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The Plain Dealer - Ohio Gov. John Kasich Touts Role for Older Ohioans as Productive Component of Society

News Article

Location: Columbus, OH

By Robert Higgs

Gov. John Kasich lauded older Ohioans Tuesday as a resource to be tapped as a productive part of society, while touting the need for programs to help the elderly keep physically fit, mobile and connected.

Speaking at a luncheon sponsored by the AARP, Kasich said growing old doesn't mean growing unproductive. Seniors can play a valuable role, offering expertise and lessons from experience.

"We want to be able to communicate to all of our seniors that you can be such a great participant in improving our culture, for everyone," Kasich said.

"At the heart of it all, our seniors, me included, feel that we need to pave the way for the success of our children."

A key part of that, Kasich said, is keeping seniors fit with exercise and good nutrition and proper medical care.

"We want to . . . convince our seniors to fight to be healthy," Kasich said.

The governor, who just turned 61, talked up the benefits of exercise and keeping fit, saying he tries to work out every day.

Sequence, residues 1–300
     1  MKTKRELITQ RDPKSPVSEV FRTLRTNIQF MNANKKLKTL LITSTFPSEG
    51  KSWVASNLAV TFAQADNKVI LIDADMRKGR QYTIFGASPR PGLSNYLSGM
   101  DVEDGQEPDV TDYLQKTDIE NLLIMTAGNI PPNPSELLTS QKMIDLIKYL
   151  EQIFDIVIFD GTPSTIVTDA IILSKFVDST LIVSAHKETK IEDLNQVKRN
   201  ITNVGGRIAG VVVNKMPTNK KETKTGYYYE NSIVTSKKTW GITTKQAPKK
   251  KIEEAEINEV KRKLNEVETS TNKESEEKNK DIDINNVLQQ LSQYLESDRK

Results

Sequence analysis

"When you're physically fit, it changes your whole attitude about what's going on in the world."

And the state, he said, has a role in encouraging health and fitness to promote a healthier work force, better manage health costs and give people roles in society.

"We should strive in our state to be the healthiest state," he said.

An initiative later this year by the Ohio Department of Aging will work toward that end. A program that will focus on efforts to prevent falls, that can often be debilitating for older persons, should be ready by September, said Bonnie Kantor-Burman, director of the Department of Aging.

"You'd be surprised at how many individuals are scared of one thing happening, and then they assume the next thing will happen," Kantor-Burman said. "So they assume 'if I have a walker, I'm old and I'm frail. I can't think, and I'm going to have to go to a nursing home.' "

Overcoming those fears, though, means changing attitudes about what it means to grow old, she said.

The view used to be "as we get older, we get frail," Kantor-Burman said. "Now we know that's not happening."

And while some components will target older people, others could focus on the young, with the idea of preventing health issues earlier in life.

A program focused on getting 12-year-old girls to drink more milk, for example, could pay dividends later if it helps prevent osteoporosis, Kantor-Burman said. The condition can make bones more fragile and likely to fracture, particularly in a fall.

Another initiative, meant to increase access to transportation for seniors after they stop driving, is just a concept at this point, Kasich said. But allowing people to be mobile is important toward keeping them active in society.

"I don't think God created a retirement program. I think the Lord wants us to serve humanity," Kasich said.

The goal is to "change the idea of what it means to be older and to try to get people who are older to think differently," Kasich said.

Some people will have physical limitations, he said. But in a world with computers and the Internet, "it's amazing the difference some people can make."

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